Japanese literature is often about nothing happening, because Japanese life is, too. There are few emphases in spoken Japanese—the aim is to remain as level, even as neutral, as possible—and in a classic work like The Tale of Genji, as one recent translator has it, “The more intense the emotion, the more regular the meter.” As in the old-fashioned England in which I grew up—though more unforgivingly so—an individual’s job in public Japan is to keep his private concerns and feelings to himself and to present a surface that gives little away. That the relation of surface to depth is uncertain is part of the point; it offers a degree of protection and lets you be yourself. The fewer words are spoken, the easier it is to believe you’re standing on common ground.
One effect of this careful evenness—a maintenance of the larger harmony, whatever is happening within—is that to live in Japan, to walk through its complex nets of unstatedness, is to receive a rigorous training in attention. You learn to read the small print of life—to notice how the flowers placed in front of the tokonoma scroll have just been changed, in response to a shift in the season, or to register how your visitor is talking about everything except the husband who’s just run out on her. It’s what’s not expressed that sits at the heart of a haiku; a classic sumi-e brush-and-ink drawing leaves as much open space as possible at its center so that it becomes not a statement but a suggestion, an invitation to a collaboration.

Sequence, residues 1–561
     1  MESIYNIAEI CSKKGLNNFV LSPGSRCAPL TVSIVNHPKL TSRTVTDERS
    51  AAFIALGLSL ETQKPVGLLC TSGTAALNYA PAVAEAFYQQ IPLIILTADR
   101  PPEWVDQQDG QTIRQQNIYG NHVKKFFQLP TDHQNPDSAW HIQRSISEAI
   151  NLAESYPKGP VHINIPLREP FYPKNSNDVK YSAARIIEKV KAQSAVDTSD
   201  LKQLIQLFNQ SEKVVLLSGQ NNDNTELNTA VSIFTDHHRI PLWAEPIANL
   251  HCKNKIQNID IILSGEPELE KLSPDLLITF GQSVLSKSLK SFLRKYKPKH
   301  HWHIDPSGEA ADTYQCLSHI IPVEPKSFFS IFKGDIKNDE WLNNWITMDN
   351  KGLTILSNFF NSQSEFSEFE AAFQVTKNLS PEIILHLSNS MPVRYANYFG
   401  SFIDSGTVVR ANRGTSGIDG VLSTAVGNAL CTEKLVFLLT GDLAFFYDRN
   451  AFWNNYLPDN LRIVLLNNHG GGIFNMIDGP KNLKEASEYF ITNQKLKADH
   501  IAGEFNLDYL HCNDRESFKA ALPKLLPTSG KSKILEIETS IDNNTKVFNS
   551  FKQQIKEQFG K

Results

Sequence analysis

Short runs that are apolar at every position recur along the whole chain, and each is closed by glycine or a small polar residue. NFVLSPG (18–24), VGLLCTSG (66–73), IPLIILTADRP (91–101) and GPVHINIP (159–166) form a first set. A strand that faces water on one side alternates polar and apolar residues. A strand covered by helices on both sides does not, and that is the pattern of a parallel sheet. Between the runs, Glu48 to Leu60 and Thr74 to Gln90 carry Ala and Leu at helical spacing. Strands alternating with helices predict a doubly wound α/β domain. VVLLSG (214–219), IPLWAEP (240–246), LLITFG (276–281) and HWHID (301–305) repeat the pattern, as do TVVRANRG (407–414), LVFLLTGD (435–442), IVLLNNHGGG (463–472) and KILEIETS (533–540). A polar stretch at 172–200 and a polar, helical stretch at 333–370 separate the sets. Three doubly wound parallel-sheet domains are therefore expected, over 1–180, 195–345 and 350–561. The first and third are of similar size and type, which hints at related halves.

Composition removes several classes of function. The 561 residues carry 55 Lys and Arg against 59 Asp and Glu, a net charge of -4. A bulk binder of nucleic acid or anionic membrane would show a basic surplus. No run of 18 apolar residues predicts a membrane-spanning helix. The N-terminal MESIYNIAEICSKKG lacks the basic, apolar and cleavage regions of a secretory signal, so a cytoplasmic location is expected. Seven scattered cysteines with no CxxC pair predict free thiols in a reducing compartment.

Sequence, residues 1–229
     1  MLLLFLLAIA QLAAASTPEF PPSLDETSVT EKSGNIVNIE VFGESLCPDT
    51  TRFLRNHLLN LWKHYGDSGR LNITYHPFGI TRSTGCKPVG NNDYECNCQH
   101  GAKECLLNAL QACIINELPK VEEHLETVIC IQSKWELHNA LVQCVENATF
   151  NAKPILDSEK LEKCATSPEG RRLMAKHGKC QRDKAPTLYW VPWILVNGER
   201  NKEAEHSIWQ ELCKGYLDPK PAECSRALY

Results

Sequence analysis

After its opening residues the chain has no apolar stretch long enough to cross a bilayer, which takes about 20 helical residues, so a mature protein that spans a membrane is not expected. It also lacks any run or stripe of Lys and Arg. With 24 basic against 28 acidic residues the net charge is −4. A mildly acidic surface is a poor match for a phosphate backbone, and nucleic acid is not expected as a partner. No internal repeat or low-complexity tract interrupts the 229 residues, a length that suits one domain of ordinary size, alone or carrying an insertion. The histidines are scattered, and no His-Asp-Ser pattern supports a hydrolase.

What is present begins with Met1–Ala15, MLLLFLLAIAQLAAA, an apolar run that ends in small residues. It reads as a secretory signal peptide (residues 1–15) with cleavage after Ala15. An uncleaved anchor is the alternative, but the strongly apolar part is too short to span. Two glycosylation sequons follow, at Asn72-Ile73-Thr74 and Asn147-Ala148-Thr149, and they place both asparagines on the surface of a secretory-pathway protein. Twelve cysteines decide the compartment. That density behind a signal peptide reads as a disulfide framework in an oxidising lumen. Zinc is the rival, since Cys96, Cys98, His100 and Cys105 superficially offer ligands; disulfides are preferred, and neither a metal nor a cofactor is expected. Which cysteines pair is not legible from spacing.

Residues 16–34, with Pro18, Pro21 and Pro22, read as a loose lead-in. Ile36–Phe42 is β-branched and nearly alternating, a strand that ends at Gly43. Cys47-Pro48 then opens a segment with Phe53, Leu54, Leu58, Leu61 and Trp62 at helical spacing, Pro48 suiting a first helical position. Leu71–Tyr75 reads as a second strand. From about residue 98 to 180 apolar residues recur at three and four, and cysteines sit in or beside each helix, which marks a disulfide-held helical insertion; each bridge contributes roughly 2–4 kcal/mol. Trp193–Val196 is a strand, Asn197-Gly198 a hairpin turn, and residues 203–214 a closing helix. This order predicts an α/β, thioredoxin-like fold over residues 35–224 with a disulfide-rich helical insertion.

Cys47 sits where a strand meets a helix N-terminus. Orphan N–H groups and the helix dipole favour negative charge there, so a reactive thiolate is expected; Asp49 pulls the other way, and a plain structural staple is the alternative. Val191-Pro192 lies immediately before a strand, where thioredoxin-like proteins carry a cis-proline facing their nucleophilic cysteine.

The viewer or reader has to supply much of the meaning to a scene, and so the colorless surfaces again advance a sense of collusion, which in turn leads to a kind of intimacy (“Kyoto is lovely, isn’t it?” is one of the central emotional sentences in the novel The Gate, written in 1910 by the much-admired novelist Natsume Soseki.1 The response of the other leading character, quintessence of Japan, is to think to himself, “Yes, Kyoto was lovely indeed”). For the visitor who has just arrived in the country of conflict avoidance, the innocent browser who’s just picked up a twentieth-century Japanese novel, it means that the first impression may be of scrupulous blandness, an evasion of all stress, self-erasure. For those who’ve begun to inhabit this world, it means living in a realm of detonations, under the surface and between the lines.